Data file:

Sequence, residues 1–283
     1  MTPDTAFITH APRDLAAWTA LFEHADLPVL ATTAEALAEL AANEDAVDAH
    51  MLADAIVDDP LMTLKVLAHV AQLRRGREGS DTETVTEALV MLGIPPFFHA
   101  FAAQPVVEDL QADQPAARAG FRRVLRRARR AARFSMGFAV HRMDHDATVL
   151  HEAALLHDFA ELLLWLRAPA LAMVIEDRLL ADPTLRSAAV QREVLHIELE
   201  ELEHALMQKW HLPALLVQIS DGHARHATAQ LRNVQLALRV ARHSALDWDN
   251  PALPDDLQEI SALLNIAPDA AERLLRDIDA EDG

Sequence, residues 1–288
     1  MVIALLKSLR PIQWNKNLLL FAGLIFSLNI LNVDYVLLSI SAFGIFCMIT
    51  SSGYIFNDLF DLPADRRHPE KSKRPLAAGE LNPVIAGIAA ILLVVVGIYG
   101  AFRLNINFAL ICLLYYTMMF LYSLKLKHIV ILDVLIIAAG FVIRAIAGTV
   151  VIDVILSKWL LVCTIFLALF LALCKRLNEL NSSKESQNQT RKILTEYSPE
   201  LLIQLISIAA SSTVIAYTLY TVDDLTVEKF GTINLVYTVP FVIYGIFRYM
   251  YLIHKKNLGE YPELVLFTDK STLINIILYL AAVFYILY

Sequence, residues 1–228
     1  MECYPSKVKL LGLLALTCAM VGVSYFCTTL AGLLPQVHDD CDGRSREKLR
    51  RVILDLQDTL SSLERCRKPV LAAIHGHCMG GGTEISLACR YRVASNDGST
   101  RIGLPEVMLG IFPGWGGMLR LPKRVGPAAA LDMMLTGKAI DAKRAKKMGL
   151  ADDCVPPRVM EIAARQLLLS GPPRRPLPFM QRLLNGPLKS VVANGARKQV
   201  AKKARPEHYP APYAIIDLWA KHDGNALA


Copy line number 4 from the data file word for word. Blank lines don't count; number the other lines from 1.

   101  FAAQPVVEDL QADQPAARAG FRRVLRRARR AARFSMGFAV HRMDHDATVL